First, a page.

The central web was a little bit more complicated as total accuracy is required - any difference in centres and the journals will not run true,  but is basically the same as any other crankshaft machining operation.  There is a very well written explanation on the Model Engine News IC page which can be found in the links section. 
The groove in the bearing cheek is designed so that when the crankweb dips in the oil puddle it picks up oil and guides it into the bearings.  The top hat bushes which act as spacers between the bearings and the crankwebs have been described in the Connecting Rods section and are designed so that they expose the open ball cages of the ball races hopefully meaning that they will get plenty of oil.  You  can see in the photographs I have already roughed out the dowel locating holes in the crankpins and outer web holes, I will not do this again but wait until it is fully assembled if I were to do another one. 

The tab washers are made from thin steel and were cut on the rotary table and then filed to have sharp corners by the tabs.  The washers were then held between two nuts on an angle plate and a 15 thou
slitting saw used to make the tabs.  The slitting saw was also used to produce the inner tab by raising it 10 thou at a time and taking a pass.  You must be careful when doing this as the cutter may bend away from taking the cut and shatter, in this situation everything went rather easily.  A few spares were made so that if the crankshaft had to come apart for any reason, I didn't have to set about making tab washers from scratch again.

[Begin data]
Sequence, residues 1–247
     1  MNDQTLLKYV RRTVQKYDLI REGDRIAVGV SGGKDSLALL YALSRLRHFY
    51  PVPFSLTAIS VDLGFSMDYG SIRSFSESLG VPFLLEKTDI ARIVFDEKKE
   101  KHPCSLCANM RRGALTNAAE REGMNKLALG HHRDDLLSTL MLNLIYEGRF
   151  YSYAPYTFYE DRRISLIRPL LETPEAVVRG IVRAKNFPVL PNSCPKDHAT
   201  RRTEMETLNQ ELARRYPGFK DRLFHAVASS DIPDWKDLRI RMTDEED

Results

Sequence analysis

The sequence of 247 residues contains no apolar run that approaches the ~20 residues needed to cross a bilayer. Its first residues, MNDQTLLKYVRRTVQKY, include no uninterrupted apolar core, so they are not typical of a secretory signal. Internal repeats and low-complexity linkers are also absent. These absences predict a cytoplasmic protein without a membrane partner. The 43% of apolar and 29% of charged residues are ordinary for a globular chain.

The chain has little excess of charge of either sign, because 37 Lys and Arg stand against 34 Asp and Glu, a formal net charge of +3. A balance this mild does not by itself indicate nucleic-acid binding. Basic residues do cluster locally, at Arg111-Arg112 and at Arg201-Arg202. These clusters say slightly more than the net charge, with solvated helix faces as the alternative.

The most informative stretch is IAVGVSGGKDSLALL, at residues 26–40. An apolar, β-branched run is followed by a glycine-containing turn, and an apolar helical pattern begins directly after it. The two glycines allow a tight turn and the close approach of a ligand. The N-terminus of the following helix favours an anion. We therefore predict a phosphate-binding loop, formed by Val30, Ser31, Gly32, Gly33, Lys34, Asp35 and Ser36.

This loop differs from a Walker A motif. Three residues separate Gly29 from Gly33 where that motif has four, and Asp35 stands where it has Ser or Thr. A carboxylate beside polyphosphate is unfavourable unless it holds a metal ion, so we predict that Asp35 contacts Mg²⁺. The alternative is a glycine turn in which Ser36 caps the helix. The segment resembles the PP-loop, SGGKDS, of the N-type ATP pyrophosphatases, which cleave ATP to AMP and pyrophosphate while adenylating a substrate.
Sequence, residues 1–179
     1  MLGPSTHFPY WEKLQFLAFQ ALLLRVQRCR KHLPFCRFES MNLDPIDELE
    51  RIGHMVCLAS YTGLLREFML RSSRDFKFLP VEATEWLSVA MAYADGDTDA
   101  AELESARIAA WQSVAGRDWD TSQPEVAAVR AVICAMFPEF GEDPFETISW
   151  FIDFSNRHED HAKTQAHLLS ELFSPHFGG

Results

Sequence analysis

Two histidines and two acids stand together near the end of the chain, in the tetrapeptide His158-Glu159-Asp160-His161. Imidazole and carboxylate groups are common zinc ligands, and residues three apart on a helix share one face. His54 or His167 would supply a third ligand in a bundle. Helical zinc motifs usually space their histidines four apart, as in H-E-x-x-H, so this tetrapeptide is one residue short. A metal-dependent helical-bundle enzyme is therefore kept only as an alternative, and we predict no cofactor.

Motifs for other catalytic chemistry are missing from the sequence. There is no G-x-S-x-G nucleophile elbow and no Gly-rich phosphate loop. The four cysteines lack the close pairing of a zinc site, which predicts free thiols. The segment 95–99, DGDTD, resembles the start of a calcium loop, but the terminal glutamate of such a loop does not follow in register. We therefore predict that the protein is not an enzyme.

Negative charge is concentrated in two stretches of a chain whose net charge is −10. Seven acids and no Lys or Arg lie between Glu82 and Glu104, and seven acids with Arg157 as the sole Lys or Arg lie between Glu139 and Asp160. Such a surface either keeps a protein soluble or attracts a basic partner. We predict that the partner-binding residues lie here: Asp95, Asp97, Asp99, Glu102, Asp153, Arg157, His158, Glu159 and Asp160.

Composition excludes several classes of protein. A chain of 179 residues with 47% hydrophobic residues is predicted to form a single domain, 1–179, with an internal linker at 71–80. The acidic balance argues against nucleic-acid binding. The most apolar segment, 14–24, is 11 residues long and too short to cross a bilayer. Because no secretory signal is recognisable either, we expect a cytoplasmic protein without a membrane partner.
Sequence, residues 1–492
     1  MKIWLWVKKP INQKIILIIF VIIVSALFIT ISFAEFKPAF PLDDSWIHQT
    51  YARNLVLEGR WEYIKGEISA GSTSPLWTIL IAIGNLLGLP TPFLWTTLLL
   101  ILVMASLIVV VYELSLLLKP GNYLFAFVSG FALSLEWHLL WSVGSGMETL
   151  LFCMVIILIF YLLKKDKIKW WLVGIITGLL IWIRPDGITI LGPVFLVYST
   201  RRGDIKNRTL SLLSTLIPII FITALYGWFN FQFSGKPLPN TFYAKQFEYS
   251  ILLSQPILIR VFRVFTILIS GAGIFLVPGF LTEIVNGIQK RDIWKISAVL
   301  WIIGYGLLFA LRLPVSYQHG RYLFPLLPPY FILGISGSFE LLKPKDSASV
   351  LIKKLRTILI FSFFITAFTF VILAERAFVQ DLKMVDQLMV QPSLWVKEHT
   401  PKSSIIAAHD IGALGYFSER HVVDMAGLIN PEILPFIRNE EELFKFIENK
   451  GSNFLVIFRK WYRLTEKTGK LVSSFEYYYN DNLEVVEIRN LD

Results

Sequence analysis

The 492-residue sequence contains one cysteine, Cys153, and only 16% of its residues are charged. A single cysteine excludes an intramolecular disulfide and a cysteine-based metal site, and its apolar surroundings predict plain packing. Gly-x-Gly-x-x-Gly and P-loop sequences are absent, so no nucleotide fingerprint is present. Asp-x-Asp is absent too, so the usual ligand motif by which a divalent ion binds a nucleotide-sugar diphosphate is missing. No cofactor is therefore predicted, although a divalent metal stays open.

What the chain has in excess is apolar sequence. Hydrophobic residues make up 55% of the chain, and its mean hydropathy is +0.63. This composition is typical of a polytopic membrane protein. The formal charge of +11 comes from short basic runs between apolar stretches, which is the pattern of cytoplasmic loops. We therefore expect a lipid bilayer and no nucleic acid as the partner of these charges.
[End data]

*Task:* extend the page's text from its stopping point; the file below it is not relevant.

The two Bolts which go through the webs, crankpins and tighten into the central web are high tensile steel.  If you are ever looking for a source of high tensile steel in bolt shape - use a commercial bolt!  I used an M10 bolt and machined a large-headed fine-threaded crank bolt from its centre - perfect as these bolts have to be done up tight.  

The complete crankshaft can be seen in its component parts being prepared for assembly.  The ball races were cleaned deeply in petrol and then blasted with the air line.  Any tight or rough spots must be dealt with beforeit was assembled.  It took several attempts to get one bearing clean.  Then once they are fully degreased and spotless, they were filled with light oil and put somewhere clean and free of general anything.  You may have noticed all the butter pot's in the background of photo's - they make quick clean storage tubs at no cost! 
The baby press was used to assemble the crankshaft in its rough state.  When pressing home the webs, they came up tight on the top hat bushes which then come up tight on the inner race of the bearing and leave 2-3 thou clearance between the side of the connecting rod and the cheek of the web, this means that there is no way the inner race can move and it is perfectly spaced.  The crankpins on the centre web are a tight push fit in the outer webs meaning that it could be assembled and then tweaked before pinning and bolting it all up tight. Plenty of oil was used in the assembly as it was very unlikely that the engine would see engine oil for a year or two and i didnt want things to go rusty after the connecting rods dunk in petrol. 

This is where the careful machining of each component, the centres of the centre web and parallel sections of the outer webs, are worth their weight in gold.  The centre web was bolted down on a parallel on the milling machine table and the DTI was brought into use.